Some of you may remember a CAP post from last fall where we talked about the role of the carbon dioxide supply chain and issues with supply constraints. In it, we mentioned:
“Breweries are another industry feeling the strain. Several independent breweries across the country have had to shut down or decrease operations, while others are paying as much as three to four times as much for their normal supply of carbon dioxide.”
Well, this weekend The Washington Post ran an article on how some breweries are tackling this issue head on. By implementing – you guessed it – carbon capture.
The article states:
“The machine that enables [Clinton] Mack [Austin Beerwork’s cellar manager] to capture CO2 from Austin Beerworks’ tanks is the size of a large, double-door refrigerator. Nicknamed CiCi — short for “carbon capture” — it takes in CO2 that flows from the fermenters through pipes that snake around the brewery, filters it to more than 99 percent purity, and condenses it into liquid.
“The machine then stores the resulting condensed gas for use elsewhere, including to carbonate beer. Mack said installing the technology, made by Austin-based Earthly Labs, was a no-brainer. The average batch releases about one-third of a pound of CO2 per gallon of beer, which adds up to about 210,800 pounds a year from a brewery like Austin Beerworks. That’s about the same amount of CO2 that 21 gas-powered cars release in an average year.”
It’s a good reminder that carbon dioxide is a commodity itself – and in the case of beer and other carbonated beverages, an ingredient.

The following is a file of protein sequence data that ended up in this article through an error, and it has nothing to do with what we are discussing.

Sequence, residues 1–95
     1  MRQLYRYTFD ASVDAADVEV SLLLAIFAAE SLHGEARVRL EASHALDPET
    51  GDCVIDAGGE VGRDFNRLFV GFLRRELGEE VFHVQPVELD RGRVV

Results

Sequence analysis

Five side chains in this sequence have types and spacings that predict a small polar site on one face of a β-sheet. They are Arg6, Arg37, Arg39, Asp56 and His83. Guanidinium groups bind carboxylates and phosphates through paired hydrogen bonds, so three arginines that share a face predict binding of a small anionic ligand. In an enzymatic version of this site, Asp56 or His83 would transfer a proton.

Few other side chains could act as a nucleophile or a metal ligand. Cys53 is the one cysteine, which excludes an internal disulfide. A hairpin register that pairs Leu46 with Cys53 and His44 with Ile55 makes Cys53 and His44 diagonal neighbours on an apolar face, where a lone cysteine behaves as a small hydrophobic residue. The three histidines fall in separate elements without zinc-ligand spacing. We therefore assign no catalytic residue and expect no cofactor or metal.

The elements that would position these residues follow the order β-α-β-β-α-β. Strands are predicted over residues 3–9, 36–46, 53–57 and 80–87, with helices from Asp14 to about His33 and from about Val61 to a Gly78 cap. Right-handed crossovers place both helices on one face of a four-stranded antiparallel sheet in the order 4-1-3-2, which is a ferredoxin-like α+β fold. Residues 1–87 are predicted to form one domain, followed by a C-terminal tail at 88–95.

It’s also a reminder that carbon capture technology is scalable and its benefits can be leveraged by a diverse array of industries. While the carbon emissions from the beer fermentation process are relatively small, the steps these breweries are taking are not only saving money, but helping to address their industry’s carbon footprint.
As the article further notes:
“An audit by Efficiency Vermont, an independent nonprofit group that studies carbon emissions, found the [Alchemist Brewery’s, located in Stowe, VT] CiCi unit used enough power to generate 9,680 pounds of CO2 emissions per year. But that power was far offset by the 26,000 pounds of CO2 it captured — enough to completely replace the brewery’s need for commercially produced gas — over the same time. That’s a 268 percent net reduction in CO2 usage, even when accounting for the energy it took to run the CiCi system, said Patrick Haller, the principal engineering consultant for Efficiency Vermont.”
These breweries are tracking exactly what the international environmental community has long said – carbon capture technology allows for decarbonization while still driving economic growth.
To learn more about how carbon capture is being used, check out CAP’s Resource Library.